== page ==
The Turn Around Plan. One of our acquisition criteria requirements calls for a value-add play. Basically, we were (and still are for our next one) looking for a run down, tired, needing some TLC property.  And we’ve found it. At 55% occupancy, this property has suffered from a tired owner/operator for way too long and we acquired it at a bargain. Our renovation plan includes the interior of the units, uplift to the buildings’ exterior, repave/re-stripe the parking lot and renovating the laundry facility and playground. While these things are in motion, we are staying in contact with the cities Economic Development team to keep them aware of our progress.Citronelle-Square_300Next Acquisition. Citronelle Square was just the start and while we are focused on the stabilization and renovation of Citronelle Square, we have our sites on recreating the process and in search of our next acquisition. I have personally submitted three LOIs in the last month – none have stuck but I’m making offers that meet all of our criteria. Practicing patience and making sure our next opportunity hits all of our investing criteria is a must!

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I look forward to updating everyone on our progress with this turn around project.

#HelmsREI #RealEstateInvesting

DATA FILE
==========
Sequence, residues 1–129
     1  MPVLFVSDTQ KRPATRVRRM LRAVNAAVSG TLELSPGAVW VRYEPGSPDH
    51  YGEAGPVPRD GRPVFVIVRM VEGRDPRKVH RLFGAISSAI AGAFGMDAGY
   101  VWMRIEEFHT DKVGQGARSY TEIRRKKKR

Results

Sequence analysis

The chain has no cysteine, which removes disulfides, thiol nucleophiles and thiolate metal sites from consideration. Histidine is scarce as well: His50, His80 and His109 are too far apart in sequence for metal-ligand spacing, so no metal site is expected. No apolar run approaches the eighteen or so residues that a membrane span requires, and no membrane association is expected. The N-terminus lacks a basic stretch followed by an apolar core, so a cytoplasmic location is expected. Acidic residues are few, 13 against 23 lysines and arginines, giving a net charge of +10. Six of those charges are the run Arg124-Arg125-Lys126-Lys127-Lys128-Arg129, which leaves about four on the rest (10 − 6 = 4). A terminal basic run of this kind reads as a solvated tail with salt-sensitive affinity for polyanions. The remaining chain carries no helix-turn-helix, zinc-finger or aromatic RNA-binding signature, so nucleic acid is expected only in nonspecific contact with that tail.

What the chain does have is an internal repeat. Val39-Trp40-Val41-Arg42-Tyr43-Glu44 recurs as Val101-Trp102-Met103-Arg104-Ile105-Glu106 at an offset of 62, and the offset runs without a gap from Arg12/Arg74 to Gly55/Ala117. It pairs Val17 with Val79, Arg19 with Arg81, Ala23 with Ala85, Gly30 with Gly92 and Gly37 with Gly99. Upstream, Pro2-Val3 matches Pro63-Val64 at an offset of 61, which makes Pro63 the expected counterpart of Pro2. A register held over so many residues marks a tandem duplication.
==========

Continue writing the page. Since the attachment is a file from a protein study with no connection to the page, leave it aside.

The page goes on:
Related Articles:

How To Find REI Opportunities: Just Ask

“If you can move the house by the end of the month, you can just have the whole thing!”

____________________________________________________________

real estate investing pensacola fl
As the year is coming to an end, the sights, sounds, and smells of Christmas often remind me of those precious childhood memories. Forcing me to reflect and think about love ones who have passed and I hope those great memories stay with me forever. On that note, when thinking about real estate investing, I sometimes think about my Maw-Maw & Paw-Paw. For as long as I can remember my grandparents owned & operated what they referred to as a tenant building – low income, mid-size multi-family rental property that provided them a way of life. I hope to blog about more of those memories one day, but they lived in the house next door to their tenant building and the story on that house acquisition is amazing.
As the story goes, my Paw-Paw was in need of some spare lumber, this was late 1970s, ’78 or ’79 I think. Driving by this house, he noticed the owner was outside and in the process of removing the front porch from this 2 story, 3 bedroom / 1.5 bath, 1900 sq. ft. home. When Paw-Paw asked if he could have some of the lumber being discarded from the front porch removal, the owner simply said, “If you can move the house by the end of the month, you can just have the whole thing!”
And that’s exactly what they did. They acquired a lot a few blocks away near downtown, hired a moving company, and a few weeks later my grandparents were setup in their new home. I cannot tell this story without mentioning the power company. The path of the move required the power company to drop lines on 2 sides of the street – the largest cost of this project which had to be done on a Sunday; when most businesses downtown were closed (late 70s). I believe their all-in cost was around $25k. Simply put, an amazing opportunity.
real estate investing pensacola fl
Paw-Paw (green hat, 2nd from the right)

We created many holiday memories in this home and my parents still own it today. Opportunities are everywhere and through this event, my Paw-Paw has certainly encouraged me to Just Ask.

Screen Shot 2018-02-05 at 4.00.05 PM
 #REI  #RealEstateInvesting #HelmsREI